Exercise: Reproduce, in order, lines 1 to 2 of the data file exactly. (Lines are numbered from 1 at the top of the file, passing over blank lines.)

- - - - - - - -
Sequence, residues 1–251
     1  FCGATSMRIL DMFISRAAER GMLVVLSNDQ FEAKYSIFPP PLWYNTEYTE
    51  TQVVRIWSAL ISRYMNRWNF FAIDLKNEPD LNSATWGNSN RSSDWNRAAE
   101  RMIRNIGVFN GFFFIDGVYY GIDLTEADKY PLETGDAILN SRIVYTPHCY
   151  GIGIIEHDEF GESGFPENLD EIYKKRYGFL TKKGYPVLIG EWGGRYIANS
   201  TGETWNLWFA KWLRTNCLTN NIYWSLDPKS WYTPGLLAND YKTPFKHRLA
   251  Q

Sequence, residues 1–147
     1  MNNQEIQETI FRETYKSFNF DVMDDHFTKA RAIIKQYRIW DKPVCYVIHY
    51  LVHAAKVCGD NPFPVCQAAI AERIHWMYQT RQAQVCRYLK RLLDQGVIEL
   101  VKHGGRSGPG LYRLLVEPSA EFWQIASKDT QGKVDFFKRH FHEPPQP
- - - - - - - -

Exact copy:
Sequence, residues 1–251
     1  FCGATSMRIL DMFISRAAER GMLVVLSNDQ FEAKYSIFPP PLWYNTEYTE